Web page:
A simple implication of sexual selection is that there should be a correlation between features that attract us sexually and characteristics that make our offspring more fit. Here is an article that studies the link between physical attraction and success in sport.

The better an American football player, the more attractive he is, concludes a team led by Justin Park at the University of Bristol, UK. Park’s team had women rate the attractiveness of National Football League (NFL) quarterbacks: all were elite players, but the best were rated as more desirable.

Meanwhile, a survey of more than a thousand New Scientist Twitter followers reveals a similar trend for professional men’s tennis players.

Neither Park nor New Scientist argue that good looks promote good play. Rather, the same genetic variations could influence both traits.

“Athletic prowess may be a sexually selected trait that signals genetic quality,” Park says. So the same genetic factors that contribute to a handsome mug may also offer a slight competitive advantage to professional athletes.

Studies like this are prone to endogeneity problems because success also feeds back on physical attraction. At the extreme, we know who Roger Federer is and that gets in the way of judging his attractiveness directly. More subtly, if you show me pictures of two anonymous athletes, the one who is more successful has probably also trained better, eaten better, been raised differently and these are all endogenous characteristics that affect attractiveness directly. Knowing that they correlate with success doesn’t tell us whether “success genes” have physically attractive manifestations.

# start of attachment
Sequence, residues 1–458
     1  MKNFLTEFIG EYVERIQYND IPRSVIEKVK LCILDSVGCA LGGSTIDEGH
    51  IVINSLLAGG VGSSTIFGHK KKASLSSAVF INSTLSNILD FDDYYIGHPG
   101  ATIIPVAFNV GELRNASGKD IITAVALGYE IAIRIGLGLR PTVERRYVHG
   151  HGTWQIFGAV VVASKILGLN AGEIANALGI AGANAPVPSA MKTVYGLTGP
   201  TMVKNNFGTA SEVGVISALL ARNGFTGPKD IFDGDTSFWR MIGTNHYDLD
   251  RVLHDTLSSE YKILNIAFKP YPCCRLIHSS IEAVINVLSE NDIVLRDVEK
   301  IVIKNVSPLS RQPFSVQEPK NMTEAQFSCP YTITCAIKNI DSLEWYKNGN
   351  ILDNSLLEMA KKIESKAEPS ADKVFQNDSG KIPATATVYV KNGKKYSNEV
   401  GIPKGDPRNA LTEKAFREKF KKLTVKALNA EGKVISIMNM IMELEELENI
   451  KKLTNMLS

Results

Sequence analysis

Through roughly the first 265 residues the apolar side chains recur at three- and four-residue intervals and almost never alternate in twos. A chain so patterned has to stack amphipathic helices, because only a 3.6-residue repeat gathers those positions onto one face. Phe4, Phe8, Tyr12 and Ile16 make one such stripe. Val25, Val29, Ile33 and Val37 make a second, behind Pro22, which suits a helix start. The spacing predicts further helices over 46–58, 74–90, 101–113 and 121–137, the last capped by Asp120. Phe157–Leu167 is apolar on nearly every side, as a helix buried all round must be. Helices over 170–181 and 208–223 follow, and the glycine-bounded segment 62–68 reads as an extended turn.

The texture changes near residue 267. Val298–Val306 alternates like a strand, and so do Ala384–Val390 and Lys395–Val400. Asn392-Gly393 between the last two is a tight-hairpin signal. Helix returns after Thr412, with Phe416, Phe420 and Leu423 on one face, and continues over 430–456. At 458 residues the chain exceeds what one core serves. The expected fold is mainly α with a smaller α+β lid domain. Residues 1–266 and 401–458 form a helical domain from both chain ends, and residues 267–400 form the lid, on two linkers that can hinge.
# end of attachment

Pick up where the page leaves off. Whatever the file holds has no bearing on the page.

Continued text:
One way to improve the study would be to look at adopted children. Show subjects pictures of the athletes’ biological parents and ask the subjects to rate the attractiveness of the parents. Then correlate the responses with the performance of the children. If these children were raised by randomly selected parents (obviously that is not exactly the case) then we would be picking up the effect of exogenous sources of physical attractiveness passed on only through the genes of the parents.

And why stop with success in sport. Physical attractiveness should be correlated with intelligence, social mobility, etc.

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